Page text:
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When Peer Reviews Go Bad…

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  1. When Peer Reviews Go Bad… Jim Kelly CEO, Zenkara

  2. Overview Part 1 • This presentation describes a three year long initiative which studied implementation of walkthroughs, reviews and inspections. • Strategies for implementation together with analysis and lessons learned is given. • Obstacles arose out of the implementation. The primary challenges are described together with what was done to address them.

  3. Overview Part 2 • Deployments of reviews are described and analysed in detail – what worked, what didn’t, and what was redone. • And finally some lessons learned are presented together with a discussion on formalising the detection & correction of defects with metrics embedded in the process.

  4. Scope The study involved software intensive organisations providing industry-specific software both within Australia and internationally. The reviews were implemented across the entire system project life cycle and across projects of between 5 and within a department of 50 staff.

  5. General Situations at T0 Some documents were reviewed informally. Little metrics data was collected, other than basic staff costs per team. Few staff had formal review training (other than at university). Few staff had some experience with formal reviews.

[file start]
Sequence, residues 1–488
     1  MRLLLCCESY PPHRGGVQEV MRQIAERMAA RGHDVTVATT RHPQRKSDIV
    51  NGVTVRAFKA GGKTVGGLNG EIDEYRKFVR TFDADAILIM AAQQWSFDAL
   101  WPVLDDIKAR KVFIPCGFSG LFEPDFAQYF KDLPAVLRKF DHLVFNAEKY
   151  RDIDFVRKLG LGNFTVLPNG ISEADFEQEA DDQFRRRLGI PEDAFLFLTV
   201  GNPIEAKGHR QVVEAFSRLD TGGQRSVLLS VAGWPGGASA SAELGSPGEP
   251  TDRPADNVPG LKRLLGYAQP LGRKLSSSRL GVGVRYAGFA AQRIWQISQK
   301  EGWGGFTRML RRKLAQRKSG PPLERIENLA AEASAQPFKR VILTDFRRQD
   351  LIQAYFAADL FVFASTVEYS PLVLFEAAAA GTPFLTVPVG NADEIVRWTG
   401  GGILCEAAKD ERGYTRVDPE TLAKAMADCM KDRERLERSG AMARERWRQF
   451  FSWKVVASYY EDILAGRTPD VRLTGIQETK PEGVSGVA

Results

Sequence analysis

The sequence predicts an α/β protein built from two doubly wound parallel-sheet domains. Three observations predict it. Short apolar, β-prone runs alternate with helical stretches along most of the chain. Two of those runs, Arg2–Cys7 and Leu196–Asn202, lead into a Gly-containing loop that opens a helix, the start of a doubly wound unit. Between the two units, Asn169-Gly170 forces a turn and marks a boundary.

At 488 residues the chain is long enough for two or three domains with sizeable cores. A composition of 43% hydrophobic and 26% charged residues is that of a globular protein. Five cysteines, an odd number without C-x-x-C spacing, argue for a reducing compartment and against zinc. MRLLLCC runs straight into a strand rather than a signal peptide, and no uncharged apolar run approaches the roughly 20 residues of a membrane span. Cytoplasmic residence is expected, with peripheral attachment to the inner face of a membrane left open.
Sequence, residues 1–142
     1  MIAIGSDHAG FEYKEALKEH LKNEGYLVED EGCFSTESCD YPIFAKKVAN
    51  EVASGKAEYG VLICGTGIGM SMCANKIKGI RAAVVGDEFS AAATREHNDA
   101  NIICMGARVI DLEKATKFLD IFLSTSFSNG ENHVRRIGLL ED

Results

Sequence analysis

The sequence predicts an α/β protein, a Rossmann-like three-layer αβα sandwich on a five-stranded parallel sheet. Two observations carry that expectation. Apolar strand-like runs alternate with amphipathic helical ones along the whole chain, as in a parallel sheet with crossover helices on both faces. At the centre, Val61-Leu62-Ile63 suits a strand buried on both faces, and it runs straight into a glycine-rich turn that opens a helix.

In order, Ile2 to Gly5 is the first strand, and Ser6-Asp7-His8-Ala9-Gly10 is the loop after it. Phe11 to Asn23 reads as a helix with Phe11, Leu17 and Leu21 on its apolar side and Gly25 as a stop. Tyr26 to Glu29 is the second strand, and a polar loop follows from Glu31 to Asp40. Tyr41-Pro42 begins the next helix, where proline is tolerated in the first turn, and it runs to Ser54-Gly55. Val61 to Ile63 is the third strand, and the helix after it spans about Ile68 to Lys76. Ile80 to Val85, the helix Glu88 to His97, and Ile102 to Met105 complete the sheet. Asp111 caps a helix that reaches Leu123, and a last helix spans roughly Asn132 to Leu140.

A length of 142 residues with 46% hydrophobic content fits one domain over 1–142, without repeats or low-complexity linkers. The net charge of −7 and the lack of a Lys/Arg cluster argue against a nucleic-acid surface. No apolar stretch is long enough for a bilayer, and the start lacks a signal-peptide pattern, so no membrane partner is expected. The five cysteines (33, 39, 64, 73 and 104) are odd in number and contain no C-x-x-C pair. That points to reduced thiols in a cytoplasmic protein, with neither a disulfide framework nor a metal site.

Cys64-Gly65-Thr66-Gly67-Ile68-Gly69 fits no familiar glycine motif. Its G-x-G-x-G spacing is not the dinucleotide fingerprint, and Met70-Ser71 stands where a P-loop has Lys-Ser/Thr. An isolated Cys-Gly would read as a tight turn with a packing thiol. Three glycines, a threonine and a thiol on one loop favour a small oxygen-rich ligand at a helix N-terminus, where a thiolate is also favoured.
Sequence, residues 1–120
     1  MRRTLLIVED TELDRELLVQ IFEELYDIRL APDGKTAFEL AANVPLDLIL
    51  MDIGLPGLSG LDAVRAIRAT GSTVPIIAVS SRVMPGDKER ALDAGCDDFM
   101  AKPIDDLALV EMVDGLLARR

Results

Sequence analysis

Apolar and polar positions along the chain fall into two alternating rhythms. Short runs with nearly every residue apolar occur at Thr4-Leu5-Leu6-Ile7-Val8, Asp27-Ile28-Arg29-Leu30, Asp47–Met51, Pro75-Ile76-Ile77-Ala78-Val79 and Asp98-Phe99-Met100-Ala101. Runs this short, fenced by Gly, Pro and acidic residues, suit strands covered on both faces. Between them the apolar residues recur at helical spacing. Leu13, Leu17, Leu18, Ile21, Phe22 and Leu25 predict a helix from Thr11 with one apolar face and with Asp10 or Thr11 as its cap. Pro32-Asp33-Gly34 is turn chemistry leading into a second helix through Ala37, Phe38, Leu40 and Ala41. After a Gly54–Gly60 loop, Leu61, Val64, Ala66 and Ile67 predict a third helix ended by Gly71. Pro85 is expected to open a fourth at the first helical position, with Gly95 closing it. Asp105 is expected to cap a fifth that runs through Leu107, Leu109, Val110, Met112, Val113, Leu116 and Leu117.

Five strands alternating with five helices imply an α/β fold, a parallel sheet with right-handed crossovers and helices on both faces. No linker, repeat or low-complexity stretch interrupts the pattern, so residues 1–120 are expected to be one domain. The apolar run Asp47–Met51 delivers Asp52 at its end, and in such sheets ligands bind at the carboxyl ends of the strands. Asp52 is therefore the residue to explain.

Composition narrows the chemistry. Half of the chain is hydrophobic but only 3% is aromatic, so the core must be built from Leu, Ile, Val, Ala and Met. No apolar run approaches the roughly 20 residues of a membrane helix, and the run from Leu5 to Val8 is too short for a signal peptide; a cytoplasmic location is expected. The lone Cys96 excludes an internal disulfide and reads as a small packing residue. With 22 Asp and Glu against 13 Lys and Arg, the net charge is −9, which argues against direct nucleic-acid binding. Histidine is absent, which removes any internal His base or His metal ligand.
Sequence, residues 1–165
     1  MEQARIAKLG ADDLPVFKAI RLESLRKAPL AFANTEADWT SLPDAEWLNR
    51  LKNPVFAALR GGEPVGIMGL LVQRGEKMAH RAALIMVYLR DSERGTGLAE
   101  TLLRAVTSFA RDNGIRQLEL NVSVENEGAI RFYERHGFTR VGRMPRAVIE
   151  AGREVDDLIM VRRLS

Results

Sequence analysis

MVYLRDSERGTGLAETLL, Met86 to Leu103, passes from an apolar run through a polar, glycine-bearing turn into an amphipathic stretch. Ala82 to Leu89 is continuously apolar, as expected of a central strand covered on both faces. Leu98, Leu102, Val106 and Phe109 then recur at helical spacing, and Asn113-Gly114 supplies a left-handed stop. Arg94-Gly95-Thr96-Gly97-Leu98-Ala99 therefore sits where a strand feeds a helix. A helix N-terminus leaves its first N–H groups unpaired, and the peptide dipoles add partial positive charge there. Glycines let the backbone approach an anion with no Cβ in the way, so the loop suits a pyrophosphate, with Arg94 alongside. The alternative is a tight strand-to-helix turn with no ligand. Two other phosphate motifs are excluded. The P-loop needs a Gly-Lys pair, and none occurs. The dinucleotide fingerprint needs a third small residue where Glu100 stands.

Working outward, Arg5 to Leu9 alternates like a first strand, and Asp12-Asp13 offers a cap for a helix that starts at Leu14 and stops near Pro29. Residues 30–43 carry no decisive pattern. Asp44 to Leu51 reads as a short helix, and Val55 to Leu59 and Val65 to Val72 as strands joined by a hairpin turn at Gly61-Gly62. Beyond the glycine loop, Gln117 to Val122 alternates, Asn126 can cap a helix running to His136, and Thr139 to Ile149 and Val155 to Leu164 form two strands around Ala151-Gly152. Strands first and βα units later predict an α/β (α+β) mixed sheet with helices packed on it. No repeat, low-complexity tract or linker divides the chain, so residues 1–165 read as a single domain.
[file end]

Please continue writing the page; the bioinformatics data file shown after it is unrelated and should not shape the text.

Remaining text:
6. Typical Implementation Strategy Big bang approach Incremental scope “Hot Spots” Priority: project or team Incremental formality Walkthroughs, Reviews, then inspections Decision on strategy usually made by Dev/Eng Managers

  7. Typical Implementation Motivation Critical to explain rationale to development/engineering staff To reduce defects/problems in documents, code, tests and other objects – NOT to measure performance Keep other key stakeholders in the loop

  8. Typical Implementation Method Identified key documents/deliverables to be reviewed Determined audiences and established level of formality required (walkthroughs or reviews or inspections” Basic metrics identified – effort, defects (inc type) Formalised existing reviews Added informal followup Created Call-for-Review and Review Log Training of dev teams and testers Introduced Review Closure form Introduced code reviews Introduced test script and other documents

  9. Ready for review Typical Review process Asks moderator Call for Review Reviewers assess and record on log Review held Review Closure (metrics) Author corrects, signs off and gets Closure signed Deliverable signed off